Defend Truth


Stifled legal discourse and debate in SA impoverishes the democratic process

Elisha Kunene is a trainee human rights lawyer, working primarily in mining, customary law and land affairs. He spends his free time podcasting about the Constitutional Court of South Africa, being devastated by Arsenal results and arguing about Bernie Sanders. Elisha writes in his personal capacity, and against his better judgment. He accepts hate-mail on at @Eli_Kunene.

On the morning of Friday 16 November, the Mail & Guardian published an article detailing an interview with the head of the South African judiciary, Chief Justice Mogoeng Mogoeng. I would not usually know what’s said behind Mail & Guardian paywalls, but excerpts of this article were sent to me by a few people who thought it concerned me directly. Having been forced to spend most of the day thinking about this, there are a few brief points which I believe are worth making.

The article is headlined Mogoeng absent for more than half of ConCourt judgments, but its scope extends to a number of criticisms of the Chief Justice, including his travel expenses and the impact of the acting judges on the Constitutional Court.

Under the heading “I have enemies; I don’t know them” the Chief Justice outlines that he received a tip-off from a colleague outlining a conspiracy to discredit him, including two professors who would write critical articles about him, and that the colleague mentioned “an article in Daily Maverick by a former law clerk at the Constitutional Court.”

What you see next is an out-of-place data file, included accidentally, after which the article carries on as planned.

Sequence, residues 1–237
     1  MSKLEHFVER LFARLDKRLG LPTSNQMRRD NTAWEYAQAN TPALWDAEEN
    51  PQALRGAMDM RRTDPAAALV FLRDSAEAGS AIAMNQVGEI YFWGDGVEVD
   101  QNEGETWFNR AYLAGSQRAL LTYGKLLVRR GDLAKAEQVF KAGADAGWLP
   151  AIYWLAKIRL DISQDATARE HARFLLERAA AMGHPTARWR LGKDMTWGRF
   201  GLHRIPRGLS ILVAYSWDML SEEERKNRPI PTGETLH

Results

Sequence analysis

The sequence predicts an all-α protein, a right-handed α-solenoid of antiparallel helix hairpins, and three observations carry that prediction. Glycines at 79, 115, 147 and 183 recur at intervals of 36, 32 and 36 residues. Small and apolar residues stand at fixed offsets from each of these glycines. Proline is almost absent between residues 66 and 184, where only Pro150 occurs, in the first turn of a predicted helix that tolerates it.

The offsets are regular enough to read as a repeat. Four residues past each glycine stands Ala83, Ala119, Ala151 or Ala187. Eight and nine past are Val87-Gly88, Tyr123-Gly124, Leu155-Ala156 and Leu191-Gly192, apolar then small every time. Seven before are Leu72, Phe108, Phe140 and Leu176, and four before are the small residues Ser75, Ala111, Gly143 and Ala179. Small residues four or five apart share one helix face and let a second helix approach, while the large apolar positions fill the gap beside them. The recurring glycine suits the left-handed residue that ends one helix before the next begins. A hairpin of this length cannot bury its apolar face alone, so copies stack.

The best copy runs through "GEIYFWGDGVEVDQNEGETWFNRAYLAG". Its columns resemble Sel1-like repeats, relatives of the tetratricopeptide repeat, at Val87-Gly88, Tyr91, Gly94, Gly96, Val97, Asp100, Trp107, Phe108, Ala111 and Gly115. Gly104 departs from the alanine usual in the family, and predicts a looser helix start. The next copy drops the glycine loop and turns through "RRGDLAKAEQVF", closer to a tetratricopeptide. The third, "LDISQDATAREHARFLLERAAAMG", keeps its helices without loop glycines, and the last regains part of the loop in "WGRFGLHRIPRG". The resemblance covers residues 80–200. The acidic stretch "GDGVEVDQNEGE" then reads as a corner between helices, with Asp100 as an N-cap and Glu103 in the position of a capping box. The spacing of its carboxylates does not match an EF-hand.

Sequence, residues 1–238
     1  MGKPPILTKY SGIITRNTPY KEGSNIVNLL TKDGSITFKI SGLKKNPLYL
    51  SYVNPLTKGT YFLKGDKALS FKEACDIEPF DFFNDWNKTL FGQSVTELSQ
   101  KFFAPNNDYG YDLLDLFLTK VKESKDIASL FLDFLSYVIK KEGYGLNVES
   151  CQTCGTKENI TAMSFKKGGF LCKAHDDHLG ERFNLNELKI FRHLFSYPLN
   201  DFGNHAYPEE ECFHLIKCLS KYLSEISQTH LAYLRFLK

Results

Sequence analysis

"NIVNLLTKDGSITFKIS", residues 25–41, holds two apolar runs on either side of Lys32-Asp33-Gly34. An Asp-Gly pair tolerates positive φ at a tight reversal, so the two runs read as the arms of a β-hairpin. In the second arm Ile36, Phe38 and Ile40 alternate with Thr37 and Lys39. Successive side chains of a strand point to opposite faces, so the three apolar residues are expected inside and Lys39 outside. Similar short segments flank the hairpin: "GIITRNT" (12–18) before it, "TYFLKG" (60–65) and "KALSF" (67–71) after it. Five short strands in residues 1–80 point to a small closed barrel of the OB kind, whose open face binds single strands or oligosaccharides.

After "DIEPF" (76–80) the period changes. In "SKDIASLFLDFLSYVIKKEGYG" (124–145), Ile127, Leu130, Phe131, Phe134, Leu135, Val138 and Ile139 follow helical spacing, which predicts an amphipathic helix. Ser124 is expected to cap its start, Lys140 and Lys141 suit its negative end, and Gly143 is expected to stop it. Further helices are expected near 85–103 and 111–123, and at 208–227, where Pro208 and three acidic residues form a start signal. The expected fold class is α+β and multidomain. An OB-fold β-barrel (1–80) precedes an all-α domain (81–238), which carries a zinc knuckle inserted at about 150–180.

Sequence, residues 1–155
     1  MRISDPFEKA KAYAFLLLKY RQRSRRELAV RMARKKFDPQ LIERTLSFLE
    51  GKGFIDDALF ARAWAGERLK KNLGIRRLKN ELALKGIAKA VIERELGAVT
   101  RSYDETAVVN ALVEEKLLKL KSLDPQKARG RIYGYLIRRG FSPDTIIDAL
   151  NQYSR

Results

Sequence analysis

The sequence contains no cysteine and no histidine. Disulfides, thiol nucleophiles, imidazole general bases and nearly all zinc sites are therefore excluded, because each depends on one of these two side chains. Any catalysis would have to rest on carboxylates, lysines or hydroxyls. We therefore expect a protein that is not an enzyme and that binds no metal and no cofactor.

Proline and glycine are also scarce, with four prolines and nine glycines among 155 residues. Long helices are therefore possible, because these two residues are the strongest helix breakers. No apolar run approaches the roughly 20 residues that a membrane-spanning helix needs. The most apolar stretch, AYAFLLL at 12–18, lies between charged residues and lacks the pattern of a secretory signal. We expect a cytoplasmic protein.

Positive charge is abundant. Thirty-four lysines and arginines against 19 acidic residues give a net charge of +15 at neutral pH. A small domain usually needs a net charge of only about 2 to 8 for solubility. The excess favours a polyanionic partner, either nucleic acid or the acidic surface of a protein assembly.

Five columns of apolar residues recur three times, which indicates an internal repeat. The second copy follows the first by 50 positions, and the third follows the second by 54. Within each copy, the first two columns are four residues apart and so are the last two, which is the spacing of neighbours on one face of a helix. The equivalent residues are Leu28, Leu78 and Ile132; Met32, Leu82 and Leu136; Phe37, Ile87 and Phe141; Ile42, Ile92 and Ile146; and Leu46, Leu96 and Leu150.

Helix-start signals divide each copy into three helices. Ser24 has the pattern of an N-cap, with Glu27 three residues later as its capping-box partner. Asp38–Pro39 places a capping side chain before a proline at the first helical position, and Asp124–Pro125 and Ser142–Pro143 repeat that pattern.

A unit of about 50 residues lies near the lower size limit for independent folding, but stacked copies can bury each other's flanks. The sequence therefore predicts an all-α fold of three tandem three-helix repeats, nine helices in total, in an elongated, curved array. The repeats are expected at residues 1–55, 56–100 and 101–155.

On 28 September 2018, I wrote about the need to fill the court. I highlighted the unusual lack of continuity which has defined the current Constitutional Court bench, the risks of too many acting justice appointments and advocated for the filling of the vacancies at the court. I am the only former Constitutional Court clerk who fits the description.

The description of detractors as “enemies” is, to say the least, unsettling. I do not know if the Chief Justice has an organised alliance of enemies. But, having been forced to spend most of the day thinking about this, there are a few brief points which I believe are worth making.

I am not part of any campaign. If I was somehow tricked into participating, then someone owes me money or a fellowship or something. I wrote opinion pieces before I was employed. I stopped publishing while I was at the court specifically so that my writing would not be thought to represent any opinions or agendas other than my own. All of my irresponsible opinions are available for free on Twitter. I write only for Daily Maverick so that when you Google me the first thing that pops up is not my Soundcloud.

The thought of the Chief Justice thinking I might be part of such a scheme saddens me. I thought many of the opinions surrounding him when he was appointed were slanderous — revealing a contempt for many things I myself was — and I never forgave some of the lawyers who perpetuated that campaign. You did not have to have an opinion on whether he was the best candidate for the job to see the malice in much of the coverage.

I like Mogoeng Mogoeng. He always stopped in the hallways and greeted me with a smile. Never failed to acknowledge me and often made an effort to make it clear that he knew who I was and appreciated my work.